One way is to make it out of polymer clay. Mimi of the Eskimimi blog has a gorgeous tutorial . She made the pin part from just clay and wondered if it would be strong enough to stand up to daily use. I would suggest making a long eye pin and wrapping the clay around it. This should strengthen the pin. Another option is to use a slightly sharpened dowel with a polymer clay "head" as shown in Peacefully Knitting blog.
If you like wire work, then check out Liz's shawl pin tutorial over at Yarn Berry. She encourages readers to experiment with different wire shapes and to add beads too. She used a jig for a design but you could also do circles, spiral and so on. Make sure you hammer to set the shape (work hardening). Also remember to file the end of the pin so there are no burs to catch the yarn.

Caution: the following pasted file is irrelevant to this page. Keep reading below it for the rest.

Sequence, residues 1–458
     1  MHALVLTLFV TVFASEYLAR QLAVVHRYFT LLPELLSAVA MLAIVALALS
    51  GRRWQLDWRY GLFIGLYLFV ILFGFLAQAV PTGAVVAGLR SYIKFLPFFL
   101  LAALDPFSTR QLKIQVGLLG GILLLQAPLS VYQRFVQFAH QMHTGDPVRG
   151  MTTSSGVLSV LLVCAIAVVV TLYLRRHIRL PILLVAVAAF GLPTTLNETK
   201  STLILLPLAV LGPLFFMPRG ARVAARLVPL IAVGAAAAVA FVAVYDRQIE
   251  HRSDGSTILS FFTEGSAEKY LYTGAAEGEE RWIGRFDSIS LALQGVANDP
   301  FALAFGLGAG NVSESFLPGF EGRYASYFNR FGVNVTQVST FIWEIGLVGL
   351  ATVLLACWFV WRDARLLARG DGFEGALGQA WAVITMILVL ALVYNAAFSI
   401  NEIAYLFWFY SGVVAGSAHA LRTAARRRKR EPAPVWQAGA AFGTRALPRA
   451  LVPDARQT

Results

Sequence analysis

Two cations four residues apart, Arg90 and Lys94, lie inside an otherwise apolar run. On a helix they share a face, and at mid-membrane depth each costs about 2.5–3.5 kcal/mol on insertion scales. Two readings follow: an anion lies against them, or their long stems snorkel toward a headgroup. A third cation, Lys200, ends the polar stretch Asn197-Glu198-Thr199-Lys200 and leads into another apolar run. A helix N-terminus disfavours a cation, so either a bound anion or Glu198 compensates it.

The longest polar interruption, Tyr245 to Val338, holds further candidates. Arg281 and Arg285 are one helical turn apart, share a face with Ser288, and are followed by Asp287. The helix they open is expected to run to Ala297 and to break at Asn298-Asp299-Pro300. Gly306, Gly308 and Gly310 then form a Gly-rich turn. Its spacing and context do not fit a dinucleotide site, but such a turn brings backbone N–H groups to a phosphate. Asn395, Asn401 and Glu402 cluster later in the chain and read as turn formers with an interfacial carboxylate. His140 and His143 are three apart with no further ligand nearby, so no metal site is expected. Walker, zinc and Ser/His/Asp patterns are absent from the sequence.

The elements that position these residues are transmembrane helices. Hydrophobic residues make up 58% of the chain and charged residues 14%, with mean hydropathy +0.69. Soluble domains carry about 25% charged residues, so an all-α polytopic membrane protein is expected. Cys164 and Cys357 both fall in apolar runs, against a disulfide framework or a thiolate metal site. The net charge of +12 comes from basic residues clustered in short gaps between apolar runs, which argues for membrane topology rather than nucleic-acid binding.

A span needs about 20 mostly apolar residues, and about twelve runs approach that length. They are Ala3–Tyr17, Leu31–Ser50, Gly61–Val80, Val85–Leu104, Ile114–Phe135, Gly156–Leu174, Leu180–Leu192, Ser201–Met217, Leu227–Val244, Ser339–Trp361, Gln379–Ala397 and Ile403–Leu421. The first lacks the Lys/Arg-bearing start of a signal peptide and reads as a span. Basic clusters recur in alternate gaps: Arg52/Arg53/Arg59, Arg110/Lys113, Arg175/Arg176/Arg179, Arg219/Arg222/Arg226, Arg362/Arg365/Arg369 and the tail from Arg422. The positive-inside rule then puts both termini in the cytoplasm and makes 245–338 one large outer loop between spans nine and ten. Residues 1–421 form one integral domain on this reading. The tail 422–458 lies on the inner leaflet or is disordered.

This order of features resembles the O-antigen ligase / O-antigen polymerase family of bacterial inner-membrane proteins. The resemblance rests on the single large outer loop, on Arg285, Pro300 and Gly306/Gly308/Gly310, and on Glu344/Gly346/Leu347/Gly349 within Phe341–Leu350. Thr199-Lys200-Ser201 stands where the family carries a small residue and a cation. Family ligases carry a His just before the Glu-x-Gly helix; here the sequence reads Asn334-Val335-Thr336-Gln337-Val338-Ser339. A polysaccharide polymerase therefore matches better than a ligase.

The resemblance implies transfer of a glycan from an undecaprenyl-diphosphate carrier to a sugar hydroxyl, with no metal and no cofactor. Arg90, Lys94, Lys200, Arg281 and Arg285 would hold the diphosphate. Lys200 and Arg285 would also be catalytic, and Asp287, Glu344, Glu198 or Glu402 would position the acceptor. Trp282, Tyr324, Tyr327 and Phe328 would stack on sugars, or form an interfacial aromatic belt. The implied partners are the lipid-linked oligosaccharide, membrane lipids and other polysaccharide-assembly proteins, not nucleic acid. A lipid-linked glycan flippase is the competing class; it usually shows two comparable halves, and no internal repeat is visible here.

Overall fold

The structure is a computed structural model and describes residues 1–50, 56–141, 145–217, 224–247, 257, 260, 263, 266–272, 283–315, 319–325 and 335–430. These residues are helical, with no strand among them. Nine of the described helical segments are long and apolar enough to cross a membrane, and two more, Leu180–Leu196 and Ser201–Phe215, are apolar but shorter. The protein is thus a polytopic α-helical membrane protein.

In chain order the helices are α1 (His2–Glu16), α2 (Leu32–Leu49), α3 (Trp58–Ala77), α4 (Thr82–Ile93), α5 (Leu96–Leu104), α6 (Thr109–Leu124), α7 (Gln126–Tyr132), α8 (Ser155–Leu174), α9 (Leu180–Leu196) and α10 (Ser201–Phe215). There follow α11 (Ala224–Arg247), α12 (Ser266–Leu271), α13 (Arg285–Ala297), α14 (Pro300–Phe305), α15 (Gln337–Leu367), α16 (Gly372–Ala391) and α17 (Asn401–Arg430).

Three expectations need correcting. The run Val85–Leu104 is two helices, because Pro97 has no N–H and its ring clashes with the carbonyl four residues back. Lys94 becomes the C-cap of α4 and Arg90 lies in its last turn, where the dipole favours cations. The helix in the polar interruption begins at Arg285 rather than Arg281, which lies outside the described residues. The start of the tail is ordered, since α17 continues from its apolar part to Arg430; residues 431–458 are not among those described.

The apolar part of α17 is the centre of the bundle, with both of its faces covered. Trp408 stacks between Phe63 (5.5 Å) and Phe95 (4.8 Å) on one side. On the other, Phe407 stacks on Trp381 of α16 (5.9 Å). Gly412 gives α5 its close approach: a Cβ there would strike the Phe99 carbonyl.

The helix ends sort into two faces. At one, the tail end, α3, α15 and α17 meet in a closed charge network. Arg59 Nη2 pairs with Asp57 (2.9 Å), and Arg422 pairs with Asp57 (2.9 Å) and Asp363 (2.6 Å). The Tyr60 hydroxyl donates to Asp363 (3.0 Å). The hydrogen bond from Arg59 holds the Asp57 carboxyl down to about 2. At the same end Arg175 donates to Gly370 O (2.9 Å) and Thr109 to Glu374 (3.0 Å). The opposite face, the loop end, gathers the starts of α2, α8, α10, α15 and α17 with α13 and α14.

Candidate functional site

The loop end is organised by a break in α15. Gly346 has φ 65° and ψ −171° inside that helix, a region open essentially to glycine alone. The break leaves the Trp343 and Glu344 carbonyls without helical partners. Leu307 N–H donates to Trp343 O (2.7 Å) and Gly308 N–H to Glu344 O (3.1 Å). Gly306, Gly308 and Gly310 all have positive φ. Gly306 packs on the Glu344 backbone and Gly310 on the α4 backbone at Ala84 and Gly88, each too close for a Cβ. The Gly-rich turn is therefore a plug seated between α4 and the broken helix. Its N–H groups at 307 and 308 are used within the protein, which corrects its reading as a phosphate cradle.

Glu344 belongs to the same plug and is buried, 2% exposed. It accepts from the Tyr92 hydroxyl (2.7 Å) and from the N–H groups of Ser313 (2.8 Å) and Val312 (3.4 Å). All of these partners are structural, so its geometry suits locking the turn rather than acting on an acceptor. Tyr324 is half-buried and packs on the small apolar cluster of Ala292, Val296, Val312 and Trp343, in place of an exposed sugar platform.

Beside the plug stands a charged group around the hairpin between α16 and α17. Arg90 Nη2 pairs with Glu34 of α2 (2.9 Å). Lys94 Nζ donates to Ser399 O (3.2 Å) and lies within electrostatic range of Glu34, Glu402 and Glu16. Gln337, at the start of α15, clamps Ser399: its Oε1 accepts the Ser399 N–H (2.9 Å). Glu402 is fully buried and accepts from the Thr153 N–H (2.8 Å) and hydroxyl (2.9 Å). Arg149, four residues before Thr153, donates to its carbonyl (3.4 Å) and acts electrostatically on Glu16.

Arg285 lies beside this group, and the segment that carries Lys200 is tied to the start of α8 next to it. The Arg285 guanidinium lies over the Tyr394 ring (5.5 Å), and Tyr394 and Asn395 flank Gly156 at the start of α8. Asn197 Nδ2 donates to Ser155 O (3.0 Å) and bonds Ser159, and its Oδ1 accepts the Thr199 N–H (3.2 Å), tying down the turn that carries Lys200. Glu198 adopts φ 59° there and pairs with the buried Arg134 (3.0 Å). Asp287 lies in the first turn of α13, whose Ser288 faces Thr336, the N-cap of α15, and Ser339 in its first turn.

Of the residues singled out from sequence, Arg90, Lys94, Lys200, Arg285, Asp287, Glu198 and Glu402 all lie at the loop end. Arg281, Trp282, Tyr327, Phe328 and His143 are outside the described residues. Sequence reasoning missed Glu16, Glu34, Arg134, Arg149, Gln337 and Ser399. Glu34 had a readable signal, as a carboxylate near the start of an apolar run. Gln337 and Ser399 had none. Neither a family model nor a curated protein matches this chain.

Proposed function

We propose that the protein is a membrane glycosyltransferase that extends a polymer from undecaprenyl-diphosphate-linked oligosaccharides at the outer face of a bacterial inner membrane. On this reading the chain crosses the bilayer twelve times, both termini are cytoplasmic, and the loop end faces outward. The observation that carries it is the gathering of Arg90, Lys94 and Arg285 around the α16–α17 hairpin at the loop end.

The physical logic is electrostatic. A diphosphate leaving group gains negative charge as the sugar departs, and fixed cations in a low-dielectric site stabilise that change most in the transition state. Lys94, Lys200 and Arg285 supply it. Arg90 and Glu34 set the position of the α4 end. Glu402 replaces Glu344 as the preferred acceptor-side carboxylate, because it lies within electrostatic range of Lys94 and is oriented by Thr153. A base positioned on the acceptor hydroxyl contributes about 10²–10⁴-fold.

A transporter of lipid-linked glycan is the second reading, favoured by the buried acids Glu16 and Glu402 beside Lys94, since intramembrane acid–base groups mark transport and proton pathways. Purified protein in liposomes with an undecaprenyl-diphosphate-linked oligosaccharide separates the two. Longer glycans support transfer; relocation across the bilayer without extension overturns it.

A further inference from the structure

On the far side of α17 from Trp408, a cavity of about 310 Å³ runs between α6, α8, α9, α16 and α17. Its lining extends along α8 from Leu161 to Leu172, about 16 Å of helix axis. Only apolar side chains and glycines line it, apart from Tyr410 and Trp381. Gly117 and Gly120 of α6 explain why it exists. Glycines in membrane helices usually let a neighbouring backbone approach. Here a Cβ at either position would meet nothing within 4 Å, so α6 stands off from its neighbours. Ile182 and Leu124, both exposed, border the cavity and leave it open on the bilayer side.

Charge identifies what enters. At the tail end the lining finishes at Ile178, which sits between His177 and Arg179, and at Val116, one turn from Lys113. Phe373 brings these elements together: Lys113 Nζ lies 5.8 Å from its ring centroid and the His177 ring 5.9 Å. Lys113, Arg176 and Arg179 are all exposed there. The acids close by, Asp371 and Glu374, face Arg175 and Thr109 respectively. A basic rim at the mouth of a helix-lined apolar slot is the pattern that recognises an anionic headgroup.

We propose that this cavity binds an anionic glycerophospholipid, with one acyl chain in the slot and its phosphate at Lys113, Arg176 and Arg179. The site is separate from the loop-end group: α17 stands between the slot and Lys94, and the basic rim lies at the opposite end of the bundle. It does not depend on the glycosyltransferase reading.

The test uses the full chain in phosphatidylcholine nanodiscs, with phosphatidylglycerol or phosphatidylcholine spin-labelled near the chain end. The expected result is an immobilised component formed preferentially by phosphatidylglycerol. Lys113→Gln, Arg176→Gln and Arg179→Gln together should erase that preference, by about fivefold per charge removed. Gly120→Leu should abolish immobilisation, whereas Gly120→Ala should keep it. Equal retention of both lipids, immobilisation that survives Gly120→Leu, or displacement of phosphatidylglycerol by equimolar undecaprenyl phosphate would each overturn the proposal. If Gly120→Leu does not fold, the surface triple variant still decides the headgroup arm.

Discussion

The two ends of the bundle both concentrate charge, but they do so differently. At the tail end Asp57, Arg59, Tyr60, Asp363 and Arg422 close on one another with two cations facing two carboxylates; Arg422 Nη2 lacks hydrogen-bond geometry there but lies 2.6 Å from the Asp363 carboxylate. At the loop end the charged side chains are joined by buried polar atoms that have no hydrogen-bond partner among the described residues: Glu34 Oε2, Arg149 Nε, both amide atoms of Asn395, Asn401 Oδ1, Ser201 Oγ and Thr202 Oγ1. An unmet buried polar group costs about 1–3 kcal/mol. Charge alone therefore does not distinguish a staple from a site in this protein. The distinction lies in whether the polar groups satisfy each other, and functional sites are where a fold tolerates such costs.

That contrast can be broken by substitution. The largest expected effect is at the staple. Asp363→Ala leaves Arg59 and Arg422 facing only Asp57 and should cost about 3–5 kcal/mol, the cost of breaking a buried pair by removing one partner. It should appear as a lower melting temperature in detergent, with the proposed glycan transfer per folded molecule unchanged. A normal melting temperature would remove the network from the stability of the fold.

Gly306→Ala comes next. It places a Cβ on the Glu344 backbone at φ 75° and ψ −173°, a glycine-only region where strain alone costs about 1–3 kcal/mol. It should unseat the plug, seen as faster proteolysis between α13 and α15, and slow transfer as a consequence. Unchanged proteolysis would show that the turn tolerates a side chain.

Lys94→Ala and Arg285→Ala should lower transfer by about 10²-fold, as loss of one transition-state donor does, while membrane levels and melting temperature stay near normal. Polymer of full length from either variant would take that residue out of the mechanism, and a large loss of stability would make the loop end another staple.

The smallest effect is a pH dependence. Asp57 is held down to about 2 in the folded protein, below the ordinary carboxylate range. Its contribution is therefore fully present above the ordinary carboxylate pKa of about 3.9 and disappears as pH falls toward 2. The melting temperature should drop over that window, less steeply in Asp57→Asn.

Shawl pins are descendants of early ring brooch fasteners dating back to the Iron Age and Roman times. These are the penannular brooches or Celtic brooches as they are sometimes called. The brooches were essential cloak and clothes fasteners long before safety pins, buttons, zips and velcro were invented.
Before You Go:
- Medieval Jewelry : Ring Brooches
- Vault of Valhalla - Viking, Celtic and Anglo-Saxon Inspired Jewelry
- Safety Pin Jewelry Tutorials
Original Post by THE BEADING GEM
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